Illinois News Bureau: Research | University of Illinois

Illinois News Bureau: Research

Illinois News Bureau: Research

  • 12/9/2014Liz Ahlberg, Physical Sciences Editor writer Liz Ahlberg, Physical Sciences Editor by Liz Ahlberg, Physical Sciences Editor published by Liz Ahlberg, Physical Sciences Editor
    When a large protein unfolds in transit through a cell, it slows down and can get stuck in traffic. Using a specialized microscope - a sort of cellular traffic camera - University of Illinois chemists now can watch the way the unfolded protein diffuses.
  • 12/9/2014Jodi Heckel, Arts and Humanities Editor writer Jodi Heckel, Arts and Humanities Editor by Jodi Heckel, Arts and Humanities Editor published by Jodi Heckel, Arts and Humanities Editor
    Five University of Illinois scholars have received National Endowment for the Humanities Fellowships for 2015. The U. of I. is the only institution to be awarded more than three of the fellowships for the coming year.
  • 12/8/2014Sharita Forrest, Social Work Editor writer Sharita Forrest, Social Work Editor by Sharita Forrest, Social Work Editor published by Sharita Forrest, Social Work Editor
    Older Latinos living in the U.S. who perceive their neighborhoods as safer and more walkable are less likely to develop severe depressive symptoms, and the effect may be long term, a new study suggests.
  • 12/8/2014Jodi Heckel, Arts and Humanities Editor writer Jodi Heckel, Arts and Humanities Editor by Jodi Heckel, Arts and Humanities Editor published by Jodi Heckel, Arts and Humanities Editor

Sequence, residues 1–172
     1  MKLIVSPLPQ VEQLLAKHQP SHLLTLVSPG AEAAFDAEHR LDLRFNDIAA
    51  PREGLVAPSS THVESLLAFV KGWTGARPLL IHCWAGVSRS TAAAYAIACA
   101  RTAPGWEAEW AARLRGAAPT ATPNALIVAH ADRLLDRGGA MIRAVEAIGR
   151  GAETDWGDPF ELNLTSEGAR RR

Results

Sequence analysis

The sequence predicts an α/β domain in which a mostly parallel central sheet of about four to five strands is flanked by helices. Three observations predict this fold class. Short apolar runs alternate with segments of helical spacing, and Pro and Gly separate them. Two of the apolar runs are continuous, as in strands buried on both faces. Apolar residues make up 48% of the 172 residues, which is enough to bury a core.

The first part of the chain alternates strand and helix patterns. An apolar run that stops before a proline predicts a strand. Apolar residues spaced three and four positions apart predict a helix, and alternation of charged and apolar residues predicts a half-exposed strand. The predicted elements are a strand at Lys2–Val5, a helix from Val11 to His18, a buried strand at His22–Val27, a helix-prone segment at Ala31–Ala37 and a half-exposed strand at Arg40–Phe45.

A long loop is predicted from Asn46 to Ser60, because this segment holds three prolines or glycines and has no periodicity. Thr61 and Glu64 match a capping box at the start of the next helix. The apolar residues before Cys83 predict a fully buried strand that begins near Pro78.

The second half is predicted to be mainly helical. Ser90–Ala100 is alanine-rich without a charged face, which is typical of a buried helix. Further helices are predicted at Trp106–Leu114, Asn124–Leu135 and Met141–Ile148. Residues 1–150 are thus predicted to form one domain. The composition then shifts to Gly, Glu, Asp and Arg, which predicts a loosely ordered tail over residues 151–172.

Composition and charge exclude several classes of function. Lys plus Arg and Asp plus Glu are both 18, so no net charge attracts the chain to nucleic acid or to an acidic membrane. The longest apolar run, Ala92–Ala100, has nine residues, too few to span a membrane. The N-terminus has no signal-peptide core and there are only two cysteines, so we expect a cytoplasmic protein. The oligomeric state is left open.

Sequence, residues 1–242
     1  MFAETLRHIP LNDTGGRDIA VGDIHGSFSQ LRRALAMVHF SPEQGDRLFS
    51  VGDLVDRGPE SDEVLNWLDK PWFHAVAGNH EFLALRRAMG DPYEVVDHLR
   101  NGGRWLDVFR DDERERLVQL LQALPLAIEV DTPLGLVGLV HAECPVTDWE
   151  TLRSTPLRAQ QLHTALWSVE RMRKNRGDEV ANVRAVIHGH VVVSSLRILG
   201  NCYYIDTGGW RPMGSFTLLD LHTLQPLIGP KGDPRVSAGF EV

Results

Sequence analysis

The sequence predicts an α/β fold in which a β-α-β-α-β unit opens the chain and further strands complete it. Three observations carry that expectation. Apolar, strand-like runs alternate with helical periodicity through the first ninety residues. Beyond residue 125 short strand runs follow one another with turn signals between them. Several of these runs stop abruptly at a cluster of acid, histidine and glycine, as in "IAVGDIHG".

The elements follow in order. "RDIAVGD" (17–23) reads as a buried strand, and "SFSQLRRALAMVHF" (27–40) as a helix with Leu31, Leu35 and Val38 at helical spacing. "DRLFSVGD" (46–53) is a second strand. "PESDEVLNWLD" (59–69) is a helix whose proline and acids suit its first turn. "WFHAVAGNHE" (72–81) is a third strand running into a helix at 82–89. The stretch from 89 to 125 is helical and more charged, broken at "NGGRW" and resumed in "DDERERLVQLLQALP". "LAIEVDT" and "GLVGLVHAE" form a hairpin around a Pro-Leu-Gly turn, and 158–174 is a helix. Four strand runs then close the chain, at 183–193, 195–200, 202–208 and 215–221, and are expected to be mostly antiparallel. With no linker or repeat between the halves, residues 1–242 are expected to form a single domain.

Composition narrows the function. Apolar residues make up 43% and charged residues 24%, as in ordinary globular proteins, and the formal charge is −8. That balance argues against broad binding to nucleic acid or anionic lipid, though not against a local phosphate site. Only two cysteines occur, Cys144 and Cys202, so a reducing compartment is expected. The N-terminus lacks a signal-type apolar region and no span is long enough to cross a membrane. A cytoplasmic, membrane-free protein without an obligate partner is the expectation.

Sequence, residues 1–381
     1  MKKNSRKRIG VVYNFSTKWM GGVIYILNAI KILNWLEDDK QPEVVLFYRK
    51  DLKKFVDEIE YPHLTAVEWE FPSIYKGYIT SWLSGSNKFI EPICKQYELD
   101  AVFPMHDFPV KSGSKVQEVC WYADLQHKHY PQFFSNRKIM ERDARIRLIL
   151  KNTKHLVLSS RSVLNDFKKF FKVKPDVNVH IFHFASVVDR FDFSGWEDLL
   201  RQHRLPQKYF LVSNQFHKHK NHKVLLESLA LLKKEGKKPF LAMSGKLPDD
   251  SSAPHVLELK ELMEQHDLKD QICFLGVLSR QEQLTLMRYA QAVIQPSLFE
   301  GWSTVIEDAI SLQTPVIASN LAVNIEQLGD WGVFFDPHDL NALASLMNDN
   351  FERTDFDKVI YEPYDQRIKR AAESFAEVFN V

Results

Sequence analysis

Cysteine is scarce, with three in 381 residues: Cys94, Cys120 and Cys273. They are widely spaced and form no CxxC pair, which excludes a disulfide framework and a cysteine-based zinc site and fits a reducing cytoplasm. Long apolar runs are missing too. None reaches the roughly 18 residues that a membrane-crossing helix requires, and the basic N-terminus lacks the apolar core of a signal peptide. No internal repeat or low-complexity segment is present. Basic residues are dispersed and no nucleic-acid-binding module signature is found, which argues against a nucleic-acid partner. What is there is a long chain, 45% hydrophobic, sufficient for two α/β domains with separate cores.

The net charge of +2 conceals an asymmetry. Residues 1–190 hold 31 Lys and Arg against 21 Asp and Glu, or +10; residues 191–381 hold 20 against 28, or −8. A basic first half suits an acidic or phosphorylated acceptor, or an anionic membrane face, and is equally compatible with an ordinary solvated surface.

A new publication, “Pandemic Disease in the Medieval World: Rethinking the Black Death,” looks at new research into the plague and its historical significance. The publication is the inaugural issue of a new journal, “The Medieval Globe,” sponsored by the University of Illinois Program in Medieval Studies.
  • 12/8/2014Craig Chamberlain, Social Sciences Editor writer Craig Chamberlain, Social Sciences Editor by Craig Chamberlain, Social Sciences Editor published by Craig Chamberlain, Social Sciences Editor
    When the U.S. House of Representatives convenes in January, adopting rules of procedure will be among the first orders of business. Pretty mundane stuff, it would seem. Pay attention, though, says Gisela Sin, the author of a new book that analyzes over a century of House procedural rule-making, up through 2013. Those rules, written by the majority party, will have a huge impact on what follows in Washington over the next two years.
  • 12/1/2014Diana Yates, Life Sciences Editor writer Diana Yates, Life Sciences Editor by Diana Yates, Life Sciences Editor published by Diana Yates, Life Sciences Editor
    The house mouse, stickleback fish and honey bee appear to have little in common, but at the genetic level these creatures respond in strikingly similar ways to danger, researchers report. When any of these animals confronts an intruder, the researchers found, many of the same genes and brain gene networks gear up or down in response.